Mother Nature Shines – Jerome, the Grand Canyon & Sedona

Rio Verde Campground

We are currently at Rio Verde Campground in Cottonwood, Arizona. The drive from Holbrook was an easy 153 miles. Our site is a pull-thru, sort of. The Big Rig barely fits. Oh well. We’ve gotten good at making it work. And the people are friendly. Check out the Asian totem poles at the campground office. 

We are staying for a week. Our plan is to continue to get our tourist on. This area has lots to offer. We started with the town of Jerome.

Jerome Arizona

Jerome is located on top of Cleopatra Hill in the Black Hills. It overlooks the Verde Valley. Cottonwood is located in the Verde Valley. The drive from Cottonwood is along State Route 89A, a curvy mountain road. It’s a beautiful drive, for the passenger. The driver – Other Half – can’t exactly gawk.

View from Jerome mainstreetJerome is known as “America’s Most Vertical City.” That’s not an exaggeration. The town is nestled into a steep mountainside. The 30-degree incline of the mountainside has given gravity the edge.

Jerome JailA number of the town’s buildings have slid down the slope, including the jail.

Jerome was once a thriving copper mining town. At its peak the population was 15,000. Today their are about 450 people living there. The barista at a local coffee shop described the residents as “old hippies and artists.” My kind of people.

Haunted Hamburger Jerome AZ

The town is also know as “The Largest Ghost Town in America.” We looked for ghosts at The Haunted Hamburger over lunch. Our waitress grew up in Jerome and had lots of stories of sightings. She’d never seen a ghost herself – but she’s a believer. Good enough for me.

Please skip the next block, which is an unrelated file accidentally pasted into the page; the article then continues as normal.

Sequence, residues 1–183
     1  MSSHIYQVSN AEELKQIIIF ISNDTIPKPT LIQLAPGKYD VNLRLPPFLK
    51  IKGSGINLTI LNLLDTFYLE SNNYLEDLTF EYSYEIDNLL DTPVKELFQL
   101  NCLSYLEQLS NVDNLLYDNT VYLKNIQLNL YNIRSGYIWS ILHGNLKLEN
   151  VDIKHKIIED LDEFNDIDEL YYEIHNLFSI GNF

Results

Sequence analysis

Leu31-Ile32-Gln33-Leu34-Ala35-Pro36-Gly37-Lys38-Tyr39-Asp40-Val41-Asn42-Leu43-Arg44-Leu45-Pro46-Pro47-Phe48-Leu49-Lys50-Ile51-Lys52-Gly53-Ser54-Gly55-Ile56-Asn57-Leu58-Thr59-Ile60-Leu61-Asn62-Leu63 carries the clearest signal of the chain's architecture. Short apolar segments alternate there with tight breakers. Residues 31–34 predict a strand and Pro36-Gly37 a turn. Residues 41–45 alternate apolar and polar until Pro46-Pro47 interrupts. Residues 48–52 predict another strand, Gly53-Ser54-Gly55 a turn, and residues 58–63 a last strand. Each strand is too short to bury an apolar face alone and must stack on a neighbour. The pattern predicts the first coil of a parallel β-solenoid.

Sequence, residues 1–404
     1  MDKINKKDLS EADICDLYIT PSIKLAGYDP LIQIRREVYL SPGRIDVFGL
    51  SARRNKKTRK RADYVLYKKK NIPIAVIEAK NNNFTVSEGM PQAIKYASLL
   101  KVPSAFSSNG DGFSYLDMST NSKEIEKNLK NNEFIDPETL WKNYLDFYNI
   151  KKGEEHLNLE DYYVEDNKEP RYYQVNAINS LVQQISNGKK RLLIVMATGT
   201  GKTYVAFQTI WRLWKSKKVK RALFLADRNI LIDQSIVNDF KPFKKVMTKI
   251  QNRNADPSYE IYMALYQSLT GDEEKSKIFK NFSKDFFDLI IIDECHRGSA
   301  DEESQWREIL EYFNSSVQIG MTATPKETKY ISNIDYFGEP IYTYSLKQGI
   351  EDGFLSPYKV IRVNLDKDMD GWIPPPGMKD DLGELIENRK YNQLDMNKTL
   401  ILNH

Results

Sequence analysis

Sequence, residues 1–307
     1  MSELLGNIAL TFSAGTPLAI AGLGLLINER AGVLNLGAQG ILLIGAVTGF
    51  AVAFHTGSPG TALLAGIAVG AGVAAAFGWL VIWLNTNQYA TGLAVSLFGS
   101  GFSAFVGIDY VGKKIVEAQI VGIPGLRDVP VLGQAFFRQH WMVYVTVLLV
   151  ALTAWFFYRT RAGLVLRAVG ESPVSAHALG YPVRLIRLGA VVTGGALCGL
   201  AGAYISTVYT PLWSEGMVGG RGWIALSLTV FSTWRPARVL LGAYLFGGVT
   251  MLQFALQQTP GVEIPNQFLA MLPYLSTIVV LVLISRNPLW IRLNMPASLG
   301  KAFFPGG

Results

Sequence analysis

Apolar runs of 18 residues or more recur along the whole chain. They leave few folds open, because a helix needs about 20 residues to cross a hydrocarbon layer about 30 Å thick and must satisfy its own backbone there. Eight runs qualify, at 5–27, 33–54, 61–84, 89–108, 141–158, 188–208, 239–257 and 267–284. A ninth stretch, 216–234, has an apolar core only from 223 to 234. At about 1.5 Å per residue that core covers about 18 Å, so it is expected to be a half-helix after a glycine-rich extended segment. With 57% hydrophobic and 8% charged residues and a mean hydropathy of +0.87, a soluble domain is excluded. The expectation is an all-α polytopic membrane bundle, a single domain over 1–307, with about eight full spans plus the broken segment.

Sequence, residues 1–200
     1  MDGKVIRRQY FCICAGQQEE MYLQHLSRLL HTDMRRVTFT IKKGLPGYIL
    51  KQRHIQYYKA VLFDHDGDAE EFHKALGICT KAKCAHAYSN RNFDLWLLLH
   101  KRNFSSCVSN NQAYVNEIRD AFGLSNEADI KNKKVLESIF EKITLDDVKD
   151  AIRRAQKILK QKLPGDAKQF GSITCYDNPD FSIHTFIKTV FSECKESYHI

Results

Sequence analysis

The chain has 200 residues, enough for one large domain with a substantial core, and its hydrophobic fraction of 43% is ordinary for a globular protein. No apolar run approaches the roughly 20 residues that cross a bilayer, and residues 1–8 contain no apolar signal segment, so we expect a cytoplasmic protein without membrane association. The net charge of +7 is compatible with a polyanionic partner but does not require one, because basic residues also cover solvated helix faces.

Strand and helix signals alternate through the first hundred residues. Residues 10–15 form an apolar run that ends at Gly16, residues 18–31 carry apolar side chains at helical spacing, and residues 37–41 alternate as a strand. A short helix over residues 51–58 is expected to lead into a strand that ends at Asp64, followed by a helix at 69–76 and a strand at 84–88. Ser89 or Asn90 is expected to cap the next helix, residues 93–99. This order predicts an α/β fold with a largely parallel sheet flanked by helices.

Jerome has a nice array of shops and galleries. It’s refreshing not to have tons of touristy crap for sale. The day gave me another opportunity to practice my appreciate without buying skills.

The Grand Canyon

The next day we took the 6-hour round trip to the Grand Canyon. Once again Other Half’s National Park Senior Pass came through for us. The last time we were at the canyon we were on a motorcycle and way underage for the senior pass.

Kris on South Rim

The canyon is beyond words and photos don’t cut it either. To get an idea of how gigantic the Grand Canyon is – here are the stats: 1 mile deep, 277 river miles long and up to 18 miles across. If you ask me, the 1-mile deep is the most unnerving part.

Grand Canyon South RimWe got to the park when there were still available parking spots. We started at the Visitor Center and walked the South Rim Trail.

Grand Canyon South Rim 2Mother Nature has outdone herself with the Grand Canyon. We were both awe-struck. The Canyon is spectacular but it also messes with your equilibrium. Other Half is not a fan of having his equilibrium messed with.

Other Half on South Rim

Happy to say, he came through like a champ.

On the drive out of the park we spotted a sign for a Mountain Lion crossing. Yes, a Mountain Lion crossing. Now that would be something to see.

Sedona Arizona

Sedona Red Rocks

After a couple days of downtime, consisting of football, pizza and beer, we got back in tourist mode and headed to Sedona. Sedona is nestled in the red rocks of the Upper Sonoran Desert. It’s about 20 minutes from Cottonwood.

Glowing Sedona Red Rock The red rocks are glow-in-the-dark sandstone formations. Technically they don’t glow-in-the-dark, but they do glow a brilliant orange and red when the sun hits them.

Sedona is a small town with a population just above 10,000. The town is known for its stunning landscapes and its vibrant arts community. We enjoyed both.

In the FYI category, Sedona was named after the wife of the town’s first Postmaster. Who knew. And one more thing, my appreciate without buying skills were put to the test. Sometimes a girl’s gotta shop.


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Gettin Our Tourist On

Petrified ForestOther Half and I have made a decision to get our tourist on on a more regular basis. There’s so much beauty in this country. It’s our goal to see as much as we can manage. After all, that is the overriding point of living in the Big Rig.

We left Albuquerque bright and early Monday morning and headed west on Interstate 40. We did 240 miles landing in Holbrook, Arizona. We are in the Arizona corner of the Navajo Nation. Other Half educated me on the WWII Navajo code talkers. He has an extensive 7th grade knowledge bank. I, of course, had no clue.